In Pitjantjatjara country we know that the local name for Rhipidura leucophrys is tjintir-tjintirpa. Even if you’re unfamiliar with the scientific name, if you’re musically inclined and have an ear for Australian bird songs, you might recognise tjintir-tjintirpa as an onomatopoeic rendition of the ratcheting call of the Willie Wagtail.
The males call loudly - very loudly. If you visit a waterhole with many River Red Gums the noise can be almost unbearable. The adults live for about 2 weeks. The males can be distinguished from the female by their distinctive vocal sacs on either side of their abdomen.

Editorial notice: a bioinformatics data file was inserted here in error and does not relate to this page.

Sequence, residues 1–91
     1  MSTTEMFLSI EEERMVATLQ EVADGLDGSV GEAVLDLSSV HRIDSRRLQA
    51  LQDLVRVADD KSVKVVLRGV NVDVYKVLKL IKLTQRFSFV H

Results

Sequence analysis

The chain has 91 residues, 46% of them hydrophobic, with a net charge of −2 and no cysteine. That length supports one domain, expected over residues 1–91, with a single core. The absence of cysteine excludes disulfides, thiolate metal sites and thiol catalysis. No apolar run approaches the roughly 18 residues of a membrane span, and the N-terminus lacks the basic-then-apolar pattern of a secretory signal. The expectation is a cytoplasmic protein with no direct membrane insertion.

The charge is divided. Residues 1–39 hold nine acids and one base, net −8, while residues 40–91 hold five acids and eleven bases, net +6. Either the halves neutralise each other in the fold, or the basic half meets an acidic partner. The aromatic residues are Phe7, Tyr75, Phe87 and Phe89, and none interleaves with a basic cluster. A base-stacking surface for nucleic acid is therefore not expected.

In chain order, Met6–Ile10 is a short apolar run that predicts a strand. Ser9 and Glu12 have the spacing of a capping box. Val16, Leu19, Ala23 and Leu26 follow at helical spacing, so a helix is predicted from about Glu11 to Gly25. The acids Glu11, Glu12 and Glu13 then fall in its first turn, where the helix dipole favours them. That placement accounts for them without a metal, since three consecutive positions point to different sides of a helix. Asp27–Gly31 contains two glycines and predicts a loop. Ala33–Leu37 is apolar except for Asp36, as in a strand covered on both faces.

Fires trash these mini-plant communities - bushfires are the main threat to snails here - it directly cooks the animals and destroys their food. In the long run I'd like get around to trying to identify some of the main crust plants they eat but that might be impossible. I'm told there hasn't been a lichenologist through central Australia in living memory so I suspect few species here are named.
"Unveiling Tunisia" on the hijab: 'I have noticed quite the opposite and in fact notice that many women wear hijab, especially the younger women, and at the same time mostly wear western dress, that is very tight jeans and sometimes figure hugging, revealing clothes, so perhaps the hijab is part of a modern and trendy fashion statement. When a Tunisian woman wears a veil, it is always with style.'